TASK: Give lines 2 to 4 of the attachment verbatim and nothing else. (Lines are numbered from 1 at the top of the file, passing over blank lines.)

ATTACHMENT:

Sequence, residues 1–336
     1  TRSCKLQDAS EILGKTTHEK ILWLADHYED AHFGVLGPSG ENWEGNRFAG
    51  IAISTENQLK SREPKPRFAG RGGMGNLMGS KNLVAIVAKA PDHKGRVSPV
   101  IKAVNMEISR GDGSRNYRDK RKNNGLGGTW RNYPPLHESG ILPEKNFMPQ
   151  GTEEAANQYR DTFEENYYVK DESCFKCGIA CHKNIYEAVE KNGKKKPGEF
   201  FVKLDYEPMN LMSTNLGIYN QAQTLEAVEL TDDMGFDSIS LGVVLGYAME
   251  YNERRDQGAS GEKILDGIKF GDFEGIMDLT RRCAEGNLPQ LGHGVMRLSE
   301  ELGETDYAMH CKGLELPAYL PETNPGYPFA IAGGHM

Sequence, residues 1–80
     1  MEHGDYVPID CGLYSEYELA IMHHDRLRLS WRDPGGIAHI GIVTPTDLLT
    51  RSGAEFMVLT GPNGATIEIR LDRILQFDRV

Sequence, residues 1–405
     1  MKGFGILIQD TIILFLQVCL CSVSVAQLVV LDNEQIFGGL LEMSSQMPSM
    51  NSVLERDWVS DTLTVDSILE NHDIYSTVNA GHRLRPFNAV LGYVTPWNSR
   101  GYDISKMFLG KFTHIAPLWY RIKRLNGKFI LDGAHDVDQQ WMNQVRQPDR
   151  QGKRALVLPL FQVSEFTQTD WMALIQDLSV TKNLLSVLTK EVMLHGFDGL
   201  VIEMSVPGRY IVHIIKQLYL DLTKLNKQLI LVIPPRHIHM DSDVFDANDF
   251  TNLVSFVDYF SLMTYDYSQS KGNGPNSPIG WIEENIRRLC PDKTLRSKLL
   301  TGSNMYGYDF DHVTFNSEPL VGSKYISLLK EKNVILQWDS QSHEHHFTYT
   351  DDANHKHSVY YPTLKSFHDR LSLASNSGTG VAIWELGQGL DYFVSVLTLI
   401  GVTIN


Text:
     1  TRSCKLQDAS EILGKTTHEK ILWLADHYED AHFGVLGPSG ENWEGNRFAG
    51  IAISTENQLK SREPKPRFAG RGGMGNLMGS KNLVAIVAKA PDHKGRVSPV
   101  IKAVNMEISR GDGSRNYRDK RKNNGLGGTW RNYPPLHESG ILPEKNFMPQ